“Snap will be one of the anchor tenants,” he said. “Their valuation shows you can build and scale in LA. Even if  they don’t get $25bn, even if they get $15bn, it will be an awesome success story for the city.”

After fundraising for six months, Fika Venture began marketing itself this month as a seed fund with $38.5 million. Fika Ventures was formed with Ms. Ho leaving San Francisco based, Susa Ventures, after deciding not to participate in the firm’s next $50 million fund. Instead she joined “long-time friend” Mr. Zhou, who himself left Karlin Ventures as managing partner, to form Fika Ventures. 

So for Ms. Ho and Mr. Zhou, LA is the place to find the next Evan Spiegel or Bob Murphy.  Per the Fika Manifesto, the Los Angeles tech scene is changing, especially….

If you walk down the halls of CalTech, USC, Harvey Mudd, or UCLA, many students now not only want to start or join a tech company, but do it in LA

Fika Venture has an impressive online presence , but its physical presence appears to be a different story. According to SEC filings, Fika Ventures lists a West LA home as its headquarters. In addition, residing at the same residence is Fika Ventures managing partners, Mr. Zhou and Ms. Ho.

May be not in Silicon Valley, but at least in Los Angeles, everyone tells lots of stories.



Close Shave at Dollar Shave Club

Dollar Shave Club avoided a close shave over the weekend. Last Friday, news leaked of Kraft Heinz’s friendly talks for acquiring Dollar Shave Club’s parent, Unilever. By Sunday, Kraft Heinz withdrew its $143 billion offer for Unilever. With Kraft Heinz’s expansion scuttled, Unilever’s growth plans continue, at least, for now.

In an otherwise mature business, Unilever is spending billions for growth. Last year, Michael Dubin and Mark Levine of e-Commerce, Dollar Shave Club, received some of Unilever’s cash after selling out for $1 billion. Unilever paid five times Dollar Shave Club’s expected revenues which some say was rich by itself.  Not only Dollar Shave Club, Unilever also lavished money on Seventh Generation after passing on The Honest Company.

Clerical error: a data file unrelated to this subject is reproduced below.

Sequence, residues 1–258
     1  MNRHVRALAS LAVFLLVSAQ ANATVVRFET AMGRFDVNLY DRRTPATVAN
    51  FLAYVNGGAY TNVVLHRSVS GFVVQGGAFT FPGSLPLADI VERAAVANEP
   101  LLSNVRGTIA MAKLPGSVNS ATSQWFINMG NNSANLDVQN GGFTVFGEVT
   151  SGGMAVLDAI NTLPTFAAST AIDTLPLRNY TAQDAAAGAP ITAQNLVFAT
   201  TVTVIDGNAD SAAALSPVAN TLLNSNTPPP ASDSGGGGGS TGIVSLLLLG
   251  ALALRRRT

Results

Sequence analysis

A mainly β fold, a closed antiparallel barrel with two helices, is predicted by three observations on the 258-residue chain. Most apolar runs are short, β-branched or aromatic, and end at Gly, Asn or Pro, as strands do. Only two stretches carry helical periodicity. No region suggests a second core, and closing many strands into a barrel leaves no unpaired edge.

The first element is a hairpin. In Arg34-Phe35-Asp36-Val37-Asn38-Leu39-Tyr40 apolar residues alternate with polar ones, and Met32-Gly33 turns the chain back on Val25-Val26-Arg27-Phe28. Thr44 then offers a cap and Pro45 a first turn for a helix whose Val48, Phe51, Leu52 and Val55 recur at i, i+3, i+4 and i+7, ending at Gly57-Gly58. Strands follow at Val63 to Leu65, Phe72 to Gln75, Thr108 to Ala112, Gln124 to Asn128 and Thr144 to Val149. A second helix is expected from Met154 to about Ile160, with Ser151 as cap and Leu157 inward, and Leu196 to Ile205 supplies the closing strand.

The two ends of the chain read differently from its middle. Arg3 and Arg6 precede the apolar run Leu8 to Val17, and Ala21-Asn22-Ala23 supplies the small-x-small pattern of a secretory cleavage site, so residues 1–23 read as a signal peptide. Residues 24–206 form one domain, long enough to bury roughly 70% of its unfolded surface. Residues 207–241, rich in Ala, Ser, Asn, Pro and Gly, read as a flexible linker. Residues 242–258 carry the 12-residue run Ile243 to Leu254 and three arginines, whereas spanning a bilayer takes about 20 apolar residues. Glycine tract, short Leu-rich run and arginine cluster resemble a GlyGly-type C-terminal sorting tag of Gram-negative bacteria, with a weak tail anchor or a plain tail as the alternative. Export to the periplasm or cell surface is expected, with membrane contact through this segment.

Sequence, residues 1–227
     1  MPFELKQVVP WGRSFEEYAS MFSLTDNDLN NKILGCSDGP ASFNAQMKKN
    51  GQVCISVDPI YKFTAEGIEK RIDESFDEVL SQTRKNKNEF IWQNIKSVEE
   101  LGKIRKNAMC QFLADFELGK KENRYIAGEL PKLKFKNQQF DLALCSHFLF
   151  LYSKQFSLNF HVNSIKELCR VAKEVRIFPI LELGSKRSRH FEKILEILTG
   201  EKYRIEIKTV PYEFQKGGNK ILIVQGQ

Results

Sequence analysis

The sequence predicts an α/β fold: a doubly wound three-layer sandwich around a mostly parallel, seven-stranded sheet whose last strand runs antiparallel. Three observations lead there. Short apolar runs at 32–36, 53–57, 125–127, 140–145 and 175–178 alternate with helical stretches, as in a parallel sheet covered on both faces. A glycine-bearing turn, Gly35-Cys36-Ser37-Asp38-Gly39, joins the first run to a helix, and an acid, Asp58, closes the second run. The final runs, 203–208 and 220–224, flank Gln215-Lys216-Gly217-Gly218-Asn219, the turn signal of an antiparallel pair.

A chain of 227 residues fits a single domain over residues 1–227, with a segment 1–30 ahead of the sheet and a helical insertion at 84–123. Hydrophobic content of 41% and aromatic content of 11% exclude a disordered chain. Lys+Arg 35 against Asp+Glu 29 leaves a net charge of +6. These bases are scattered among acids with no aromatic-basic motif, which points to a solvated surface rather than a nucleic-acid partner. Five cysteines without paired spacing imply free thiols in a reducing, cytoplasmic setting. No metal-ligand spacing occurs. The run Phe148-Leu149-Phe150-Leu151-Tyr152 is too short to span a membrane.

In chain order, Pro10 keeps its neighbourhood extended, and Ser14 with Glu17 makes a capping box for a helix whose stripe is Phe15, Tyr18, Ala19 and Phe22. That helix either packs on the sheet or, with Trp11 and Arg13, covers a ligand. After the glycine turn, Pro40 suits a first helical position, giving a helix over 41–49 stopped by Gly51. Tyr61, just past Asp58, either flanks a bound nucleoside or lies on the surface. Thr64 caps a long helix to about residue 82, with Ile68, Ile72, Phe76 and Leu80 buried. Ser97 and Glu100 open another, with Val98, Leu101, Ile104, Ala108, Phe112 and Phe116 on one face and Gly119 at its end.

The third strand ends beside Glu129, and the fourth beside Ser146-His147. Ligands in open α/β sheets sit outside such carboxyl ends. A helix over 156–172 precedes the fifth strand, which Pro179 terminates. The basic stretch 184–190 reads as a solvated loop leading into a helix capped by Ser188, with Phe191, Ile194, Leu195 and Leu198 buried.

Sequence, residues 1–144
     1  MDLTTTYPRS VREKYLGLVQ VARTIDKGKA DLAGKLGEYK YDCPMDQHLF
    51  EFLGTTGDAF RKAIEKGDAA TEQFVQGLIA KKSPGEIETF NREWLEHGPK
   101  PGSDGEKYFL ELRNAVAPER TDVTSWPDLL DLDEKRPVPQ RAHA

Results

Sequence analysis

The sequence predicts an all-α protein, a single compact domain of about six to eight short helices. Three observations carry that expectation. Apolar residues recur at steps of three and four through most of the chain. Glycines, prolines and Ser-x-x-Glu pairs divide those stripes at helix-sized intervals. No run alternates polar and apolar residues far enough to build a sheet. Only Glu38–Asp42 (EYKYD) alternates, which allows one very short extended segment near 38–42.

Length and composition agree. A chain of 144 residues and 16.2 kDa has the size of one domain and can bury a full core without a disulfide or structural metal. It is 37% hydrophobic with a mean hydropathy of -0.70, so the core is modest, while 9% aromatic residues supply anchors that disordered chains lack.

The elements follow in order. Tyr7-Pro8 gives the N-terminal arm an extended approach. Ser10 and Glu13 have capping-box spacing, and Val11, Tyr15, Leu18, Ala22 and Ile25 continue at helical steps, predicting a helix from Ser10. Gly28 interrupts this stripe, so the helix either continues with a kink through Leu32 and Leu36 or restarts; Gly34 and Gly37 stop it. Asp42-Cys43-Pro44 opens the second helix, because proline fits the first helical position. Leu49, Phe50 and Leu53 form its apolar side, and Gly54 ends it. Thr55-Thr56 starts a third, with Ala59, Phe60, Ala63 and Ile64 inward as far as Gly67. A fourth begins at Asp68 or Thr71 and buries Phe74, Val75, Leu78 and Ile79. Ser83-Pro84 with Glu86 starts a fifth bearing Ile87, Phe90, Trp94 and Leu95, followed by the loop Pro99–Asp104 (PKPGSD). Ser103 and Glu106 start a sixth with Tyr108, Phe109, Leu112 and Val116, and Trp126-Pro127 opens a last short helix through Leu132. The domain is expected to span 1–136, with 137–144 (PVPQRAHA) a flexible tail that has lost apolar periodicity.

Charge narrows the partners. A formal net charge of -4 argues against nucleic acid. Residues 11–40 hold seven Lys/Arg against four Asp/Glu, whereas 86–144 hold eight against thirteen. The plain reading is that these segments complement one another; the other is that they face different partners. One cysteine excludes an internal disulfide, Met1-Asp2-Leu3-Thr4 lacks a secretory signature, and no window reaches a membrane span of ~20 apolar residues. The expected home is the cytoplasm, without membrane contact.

Unilever’s playbook has been followed by other large, mature companies. Walmart acquired e-commerce site,, for about $3 billion to catch up with Amazon after its own online efforts languished. Food companies in particular face the same issues as Unilever: old brands struggling among changing tastes. Instead of acquisitions, these companies, such as Kellogg and General Mills, are using venture capital as a tonic for growth.

Kraft Heinz’s investor, private equity firm 3G Capital, expands through acquisitions. 3G Capital likes acquiring companies with fat costs which can be improved with efficiency. Using zero-based budgeting, 3G Capital reduces costs and then uses the saving to acquire more companies. Kraft Heinz is the result of 3G Capital first acquiring Heinz and then Kraft. Its strategy also created the now, beer colossus, Anheuser-Busch InBev.

Unilever was to be 3G Capital’s next target for growth and visa versa. Until now, Unilever’s growth strategy is acquiring startups and expanding them globally, but this takes time. While its acquisitions benefits entrepreneurs, such as Levine and Dubin, Unilever’s billions have had no immediate impact on growth. Rather than cost savings, 3G Capital may see in Unilever an opportunity to save money by halting its lavish acquisitions.



SoFI Gets Softbank High

More money rushes into Social Financial or SoFi, especially from Softbank. Private equity firm, Silver Lake leads the new funding round, according to the Wall Street Journal. Softbank joins Silver Lake and others, after investing $1 billion back in 2015.

For Softbank, the new funding is good news. Former Softbank executive, Nikesh Arora left his fingerprints on Sofi and four other investment before leaving Softbank last year. Besides SoFi, Nikesh Arora invested in Snapdeal, Ola,, and Coupang in a two year period between 2014 and 2016.

Later in 2016, Softbank wrote down Arora’s Snapdeal and Ola investments by $350 million. faired better; it merged with PropTiger in 2017. Coupang is doing well, with encouraging results reported last year by Bloomberg. Sofi’s now stands out as Softbank’s only winner out of the five.


Small Bytes From Intel

For 2016, Intel wrote down and took a loss of $184 million on its investment in private companies. These are companies where Intel owns twenty percent or less and are of the type assumed to be part of Intel Capital.

Intel’s portfolio companies also declined in terms of fair market value. At the end of December 31, 2016, the private companies had fair market value of $2.4 billion. At the end of prior quarter, the fair value at $2.6 billion.